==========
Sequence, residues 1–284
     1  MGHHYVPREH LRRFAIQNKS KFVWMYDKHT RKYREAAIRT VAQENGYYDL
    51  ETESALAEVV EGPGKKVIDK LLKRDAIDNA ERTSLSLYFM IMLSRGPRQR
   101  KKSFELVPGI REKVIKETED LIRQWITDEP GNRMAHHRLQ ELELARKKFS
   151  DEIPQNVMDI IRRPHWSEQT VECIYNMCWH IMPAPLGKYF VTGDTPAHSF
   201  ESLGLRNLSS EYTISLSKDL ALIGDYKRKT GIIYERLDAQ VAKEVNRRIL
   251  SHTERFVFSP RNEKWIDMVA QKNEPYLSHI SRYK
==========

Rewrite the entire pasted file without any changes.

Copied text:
Sequence, residues 1–284
     1  MGHHYVPREH LRRFAIQNKS KFVWMYDKHT RKYREAAIRT VAQENGYYDL
    51  ETESALAEVV EGPGKKVIDK LLKRDAIDNA ERTSLSLYFM IMLSRGPRQR
   101  KKSFELVPGI REKVIKETED LIRQWITDEP GNRMAHHRLQ ELELARKKFS
   151  DEIPQNVMDI IRRPHWSEQT VECIYNMCWH IMPAPLGKYF VTGDTPAHSF
   201  ESLGLRNLSS EYTISLSKDL ALIGDYKRKT GIIYERLDAQ VAKEVNRRIL
   251  SHTERFVFSP RNEKWIDMVA QKNEPYLSHI SRYK